Road users are responsible for safety of students

31Jul 2021
Felix Andrew
IRINGA
The Guardian
Road users are responsible for safety of students

THE government and stakeholders have been taking efforts to assist students in primary and secondary schools to remain safe while using the roads.

Primary school pupils crossing a road in this library photo taken early this year, more efforts are needed to ensure they are protected and remain safe.

Henry Bantu, a member of National Road Safety Council told this paper that all road users are responsible for the safety of students. He said education is a paramount factor, starting from tender age and building the road safety culture within society.

He said the council has a number of initiatives that are meant to ensure students go to school and return home safe.

One of the initiatives is the Junior Road Marshalls project implemented in Dar es Salaam to assist children cross the roads safely. He said the project includes putting Zebra Crosses around schools.

Bantu who is also the Chairman for Safe Speed Foundation, a non-governmental organization that advocates for road safety, proposed on various measures to be taken in order to make roads safe for all users which includes construction of pathways around busy urban centres.

“The pathways are important because not only students who face challenges while on the roads but other road users. Road safety education should be provided to students and members of the society,” said Bantu insisting such educational programmes would prevent accidents and deaths.

Head of Legal Department at the traffic police headquarters, Deus Sokoni said the police force’s traffic unit has been deploying its officers at road crossings every morning and evening hours to make sure students are crossing safely.

He said that traffic police has been conducting public awareness and sensitization campaign at bus terminals to educate drivers about road safety and the importance of obeying the traffic laws, regulations and signs.

“We have recently conducted an education campaign at Mwandege area in Coast Region, these efforts would reduce the number of road crashes,” he stated adding the law allows traffic police to confiscate driving licences of drivers violating traffic rules and return them after six months.

Sokoni said similar education campaigns will be conducted at various areas within Coast Region including Bagamoyo, Kisarawe, Kibiti, Mkuranga , Kibaha Rural and Urban districts.

He said the Tanzania National Road Agency (Tanroads) and Tanzania Rural and Urban Road Agency (TARURA) are responsible for fixing road signs at roads.

Zafarani Madayi, Manager of Safety and Environment at Tanroads said the agency has been taking various measures to educate people on safe road use as well as installation of road signs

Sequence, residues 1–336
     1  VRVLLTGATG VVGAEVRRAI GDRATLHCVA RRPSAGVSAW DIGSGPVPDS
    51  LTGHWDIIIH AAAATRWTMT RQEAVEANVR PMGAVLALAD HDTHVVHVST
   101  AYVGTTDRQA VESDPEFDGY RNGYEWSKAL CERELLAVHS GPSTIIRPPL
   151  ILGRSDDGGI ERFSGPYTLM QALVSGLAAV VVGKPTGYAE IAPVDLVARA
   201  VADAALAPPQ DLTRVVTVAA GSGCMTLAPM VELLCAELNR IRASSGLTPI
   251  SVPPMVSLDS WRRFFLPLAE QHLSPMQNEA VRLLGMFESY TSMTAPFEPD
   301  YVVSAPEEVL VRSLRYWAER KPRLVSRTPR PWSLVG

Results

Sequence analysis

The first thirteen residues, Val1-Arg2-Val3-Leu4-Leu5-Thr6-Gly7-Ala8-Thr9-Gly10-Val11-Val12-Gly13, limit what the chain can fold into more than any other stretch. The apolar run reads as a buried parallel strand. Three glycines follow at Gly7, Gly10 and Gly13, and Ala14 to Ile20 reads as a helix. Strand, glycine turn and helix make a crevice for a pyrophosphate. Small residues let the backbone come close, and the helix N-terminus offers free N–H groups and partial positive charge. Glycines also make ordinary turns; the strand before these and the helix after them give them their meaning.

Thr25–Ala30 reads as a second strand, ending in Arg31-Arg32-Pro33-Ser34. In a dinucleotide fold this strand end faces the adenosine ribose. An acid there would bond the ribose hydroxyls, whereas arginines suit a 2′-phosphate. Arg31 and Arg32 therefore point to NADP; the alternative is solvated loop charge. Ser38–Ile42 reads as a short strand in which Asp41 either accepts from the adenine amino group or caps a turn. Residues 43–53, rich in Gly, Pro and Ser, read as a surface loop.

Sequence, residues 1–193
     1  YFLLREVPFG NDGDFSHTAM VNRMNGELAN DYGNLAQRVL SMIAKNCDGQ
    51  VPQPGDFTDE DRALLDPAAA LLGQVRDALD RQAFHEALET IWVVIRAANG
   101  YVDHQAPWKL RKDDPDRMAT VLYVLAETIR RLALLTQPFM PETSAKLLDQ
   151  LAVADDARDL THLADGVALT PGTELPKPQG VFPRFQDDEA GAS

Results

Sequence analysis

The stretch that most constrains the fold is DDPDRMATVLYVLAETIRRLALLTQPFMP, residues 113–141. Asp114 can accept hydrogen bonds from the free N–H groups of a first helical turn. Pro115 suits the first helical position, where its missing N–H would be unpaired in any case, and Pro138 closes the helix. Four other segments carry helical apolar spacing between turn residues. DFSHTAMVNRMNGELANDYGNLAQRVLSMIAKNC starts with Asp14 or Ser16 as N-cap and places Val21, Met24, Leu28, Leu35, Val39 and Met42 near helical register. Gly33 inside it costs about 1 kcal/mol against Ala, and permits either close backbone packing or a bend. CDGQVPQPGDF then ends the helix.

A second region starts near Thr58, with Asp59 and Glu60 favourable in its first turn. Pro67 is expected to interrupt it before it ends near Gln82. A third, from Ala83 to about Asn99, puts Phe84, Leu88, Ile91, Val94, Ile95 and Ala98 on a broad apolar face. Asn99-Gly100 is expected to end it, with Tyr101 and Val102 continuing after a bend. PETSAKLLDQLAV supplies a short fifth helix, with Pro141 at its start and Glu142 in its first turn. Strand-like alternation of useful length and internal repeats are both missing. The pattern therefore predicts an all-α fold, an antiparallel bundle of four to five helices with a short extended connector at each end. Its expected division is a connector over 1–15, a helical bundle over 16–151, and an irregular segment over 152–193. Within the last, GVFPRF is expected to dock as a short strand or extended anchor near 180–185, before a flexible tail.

“We want them to know the meaning of road signs fixed during the process and the ones installed when the roads are in use. This has helped to control road accidents,” said Madayi noting vandalism of road infrastructures is still one of the major challenges.

A parent identified as Mwajuma Chingwele from Mbagala Kuu ,Temeke district, Dar es Salaam region said more efforts are needed to make sure that students go to school and return home safely. She said drivers must be insisted on the need to drive their cars at a 30 km/h speed limit especially when crossing congested areas such as schools, hospitals, markets and play grounds.

The UN Global Traffic Safety Week (UNGRSW) which was globally marked in May this year was themed—‘Streets for Life #Love30’ calling for 30 km/h speed limits to be the norm for cities, towns and villages worldwide.

The Traffic Police Annual Report for the year 2017, 2018 and 2019, shows that road fatalities to children has drastically decreased.

Deaths of children aged between 0-18 decreased from 294 in January to December 2017 to 52 in 2019 the same period while those injured decreased from 832 in 2017 to 177 in 2019.

According to report the decrease is the result of the education programmes provided to various group of road users, through which various activities were conducted towards protecting children on using roads.

Data from Amend Tanzania, a non- for profit organization working to save lives of children indicates that every 4 minutes a child is prematurely lost on roads.

It is estimated 2 million children worldwide each year miss education through death or injury in road traffic crashes, thus affects their future dreams and expectations.

These traumatic events cause great physical, social suffering, economic hardships and medical costs to families and friends and the government as well.

ENDS

 

 

 

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